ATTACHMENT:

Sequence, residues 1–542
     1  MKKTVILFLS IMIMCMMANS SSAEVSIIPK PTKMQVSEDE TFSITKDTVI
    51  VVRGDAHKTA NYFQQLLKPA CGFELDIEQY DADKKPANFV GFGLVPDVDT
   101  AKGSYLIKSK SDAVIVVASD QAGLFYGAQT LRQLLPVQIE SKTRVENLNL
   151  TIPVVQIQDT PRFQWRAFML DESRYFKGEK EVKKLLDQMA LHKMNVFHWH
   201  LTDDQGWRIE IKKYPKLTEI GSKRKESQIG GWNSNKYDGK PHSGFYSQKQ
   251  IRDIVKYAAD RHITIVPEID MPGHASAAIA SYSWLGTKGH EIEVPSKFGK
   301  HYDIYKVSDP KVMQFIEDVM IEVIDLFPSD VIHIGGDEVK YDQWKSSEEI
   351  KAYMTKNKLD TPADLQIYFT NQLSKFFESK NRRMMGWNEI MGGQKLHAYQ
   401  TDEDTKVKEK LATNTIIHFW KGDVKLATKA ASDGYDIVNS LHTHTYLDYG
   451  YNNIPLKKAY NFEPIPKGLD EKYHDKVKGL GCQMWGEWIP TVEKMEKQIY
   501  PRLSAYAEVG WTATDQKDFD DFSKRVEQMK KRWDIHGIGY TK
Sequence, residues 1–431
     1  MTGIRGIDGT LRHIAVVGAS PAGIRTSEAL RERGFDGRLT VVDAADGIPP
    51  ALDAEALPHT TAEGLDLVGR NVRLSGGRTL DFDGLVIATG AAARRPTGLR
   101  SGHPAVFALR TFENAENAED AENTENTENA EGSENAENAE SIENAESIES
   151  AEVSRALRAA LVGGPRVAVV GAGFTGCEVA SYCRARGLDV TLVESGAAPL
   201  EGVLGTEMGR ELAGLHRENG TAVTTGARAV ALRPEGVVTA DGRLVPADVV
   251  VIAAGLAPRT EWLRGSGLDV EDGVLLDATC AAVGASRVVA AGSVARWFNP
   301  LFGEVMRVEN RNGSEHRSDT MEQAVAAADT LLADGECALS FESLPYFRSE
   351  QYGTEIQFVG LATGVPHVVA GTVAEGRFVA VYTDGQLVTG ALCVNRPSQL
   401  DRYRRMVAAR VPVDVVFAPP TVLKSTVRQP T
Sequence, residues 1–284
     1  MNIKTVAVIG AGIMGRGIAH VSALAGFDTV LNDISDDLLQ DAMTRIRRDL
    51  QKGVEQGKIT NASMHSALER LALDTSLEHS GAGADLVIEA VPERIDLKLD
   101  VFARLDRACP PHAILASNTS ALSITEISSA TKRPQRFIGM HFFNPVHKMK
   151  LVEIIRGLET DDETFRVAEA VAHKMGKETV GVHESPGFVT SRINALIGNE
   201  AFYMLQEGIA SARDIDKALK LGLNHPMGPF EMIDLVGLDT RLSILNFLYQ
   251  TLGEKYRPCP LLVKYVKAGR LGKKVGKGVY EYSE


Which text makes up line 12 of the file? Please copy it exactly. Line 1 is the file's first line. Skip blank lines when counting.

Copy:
   501  PRLSAYAEVG WTATDQKDFD DFSKRVEQMK KRWDIHGIGY TK